If we didn't know better, you could wonder if the first two games of this best-of-five series was scripted.

“They got calls, then we got calls, they got calls, we got calls – the game flowed back-and-forth depending on what was happening with the whistle,” Wright said in the aftermath of Game 1.

“We didn’t know how they were going to call it. I don’t think anybody’s figured that out all year.

“Once again, who should I talk to (about it)? Talk to Melbourne about Melbourne?”

The officiating has been erratic all season and lacking in clear direction. No amount of platitudes from NBL chief executive Jeremy Loeliger can hide that stark truth.

Now the NBL's lack of activity in that area is coming home to roost and threatening the most unpredictable Grand Final Series in eons.

We all already know that no matter what happens from here, there's no way Adelaide ever shoots 40 free throws again - even if the situation warrants it.

There's no way Ware fouls out again.

It's actually a tiny bit scary.

Wouldn't it be great if it was just about the players?

About allowing two contrasting styles to go head-to-head without any third party determining which one has the advantage tonight?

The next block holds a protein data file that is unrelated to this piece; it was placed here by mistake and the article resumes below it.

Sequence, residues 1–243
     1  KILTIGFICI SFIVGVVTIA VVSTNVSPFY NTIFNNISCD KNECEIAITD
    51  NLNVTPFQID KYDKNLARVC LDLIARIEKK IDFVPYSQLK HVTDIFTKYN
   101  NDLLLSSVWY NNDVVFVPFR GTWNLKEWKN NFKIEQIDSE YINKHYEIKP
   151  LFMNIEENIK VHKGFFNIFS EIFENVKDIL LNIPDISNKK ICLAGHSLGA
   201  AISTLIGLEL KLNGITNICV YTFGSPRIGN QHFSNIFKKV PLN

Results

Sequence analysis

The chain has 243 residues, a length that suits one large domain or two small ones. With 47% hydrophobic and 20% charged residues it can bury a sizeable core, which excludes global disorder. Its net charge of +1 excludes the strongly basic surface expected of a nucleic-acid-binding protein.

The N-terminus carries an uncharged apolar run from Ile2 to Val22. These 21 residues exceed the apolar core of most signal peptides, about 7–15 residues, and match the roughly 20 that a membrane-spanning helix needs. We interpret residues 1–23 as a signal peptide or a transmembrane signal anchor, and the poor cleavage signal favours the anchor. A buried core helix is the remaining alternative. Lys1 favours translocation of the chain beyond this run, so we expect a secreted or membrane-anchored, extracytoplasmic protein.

How refreshing would that be?

GAME 1: Melbourne United 107
(Goulding 26, Ware 20, Boone 17, Prather 13, Wesley 11; Boone 7 rebs; Hooley, Wesley 5 assts) d Adelaide 36ers 96 (Johnson 18, Shorter 16, Creek 14, Childress 12, Hodgson, Moore 10; Creek 9 rebs; Moore, Creek 4 assts) at Hisense Arena.
GAME 2: Adelaide 36ers 110 (Deng 18, Moore, Creek 17, Johnson 15, Sobey 14, Childress 13, Shorter 10; Creek 9 rebs; Sobey 5 assts) d Melbourne United 95 (Prather 20, Goulding 19, Barlow 13, Wesley 12; Prather 7 rebs; Wesley 3 assts) at Titanium Security Arena. Series tied 1-1.
GAME 3: 7.30pm, Friday, March 23 at Hisense Arena, Melbourne.
GAME 4: 2.30pm, Sunday, March 25, Titanium Security Arena
GAME 5 (If Required): Saturday, March 31, Hisense Arena, Tip-Off time TBA

Game 2 match report here.

Game 1 match report here.

Josh sends chill through Sixers, here.

Mar 19